It was the 1960's fountain at Brookfield Square Mall with the slow dripping liquid winding down the spiral strings with colored light shining through. As a kid I would watch that thing for hours as my mom and sister were shopping. It was an event for a kid from Madison to drive to Brookfield to watch it.
I can't find anything about the fountain on the internet. Whatever happened to it?
I'm not imagining this, am I?
I work with several retired guys at the nuke plant. The money is too good for them to walk away, so they keep working into their late 60's as contractors. Great guys. Dedicated, hard working and still sharp.
But I wouldn't think of signing any of them to run an important 4-year project where replacement of the manager could mean failure instead of success. These guys are 5 years younger than John McCain and working in a far less stressful job. McCain's ego is no reason to hand him the keys to this country until he is 76.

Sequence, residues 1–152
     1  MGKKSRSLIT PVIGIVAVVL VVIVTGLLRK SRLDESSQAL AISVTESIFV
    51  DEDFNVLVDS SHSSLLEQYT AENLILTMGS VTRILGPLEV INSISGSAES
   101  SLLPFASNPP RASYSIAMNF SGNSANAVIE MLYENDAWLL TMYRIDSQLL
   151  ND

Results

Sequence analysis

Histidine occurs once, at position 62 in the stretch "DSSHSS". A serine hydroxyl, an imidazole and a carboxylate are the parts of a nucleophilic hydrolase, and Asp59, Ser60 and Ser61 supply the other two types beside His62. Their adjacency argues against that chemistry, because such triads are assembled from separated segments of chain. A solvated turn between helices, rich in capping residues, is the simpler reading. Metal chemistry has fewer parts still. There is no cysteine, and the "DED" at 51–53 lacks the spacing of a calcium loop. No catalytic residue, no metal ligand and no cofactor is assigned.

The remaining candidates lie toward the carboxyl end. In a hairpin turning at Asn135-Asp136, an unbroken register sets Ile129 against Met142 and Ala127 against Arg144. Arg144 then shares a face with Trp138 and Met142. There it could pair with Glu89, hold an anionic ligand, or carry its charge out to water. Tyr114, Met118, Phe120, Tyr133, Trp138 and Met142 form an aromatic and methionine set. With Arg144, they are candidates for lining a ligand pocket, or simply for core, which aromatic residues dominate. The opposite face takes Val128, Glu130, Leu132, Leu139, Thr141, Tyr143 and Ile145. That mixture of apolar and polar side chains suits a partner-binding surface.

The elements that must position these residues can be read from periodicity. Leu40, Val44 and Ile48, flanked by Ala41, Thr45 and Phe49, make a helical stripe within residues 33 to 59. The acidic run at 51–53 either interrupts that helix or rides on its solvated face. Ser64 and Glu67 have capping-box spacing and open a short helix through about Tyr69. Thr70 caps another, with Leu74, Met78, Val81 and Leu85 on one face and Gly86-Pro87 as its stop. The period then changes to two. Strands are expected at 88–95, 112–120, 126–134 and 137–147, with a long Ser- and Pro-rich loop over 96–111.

One other thing to consider is that people's judgment and reasoning declines with age. Look at the shift in the positions of Supreme Court Justices with age and some of Ronald Reagan's decisions toward the end of his term.
Since there are no 72 year old commercial pilots still transporting passengers, am I to conclude that 100 lives on a plane are more important than 300 million in a nation?
Saturday, February 02, 2008
Truth imitating science fiction?
It is time for Mr. Tapping to reassess his concerns.
The Canadian Space Agency’s radio telescope has been reporting Flux Density Values so low they will mean a mini ice age if they continue.
Like the number of sunspots, the Flux Density Values reflect the Sun’s magnetic activity, which affects the rate at which the Sun radiates energy and warmth. CSA project director Ken Tapping calls the radio telescope that supplies NASA and the rest of the world with daily values of the Sun’s magnetic activity a “stethoscope on the Sun”. In this case, however, it is the “doctor” whose health is directly affected by the readings.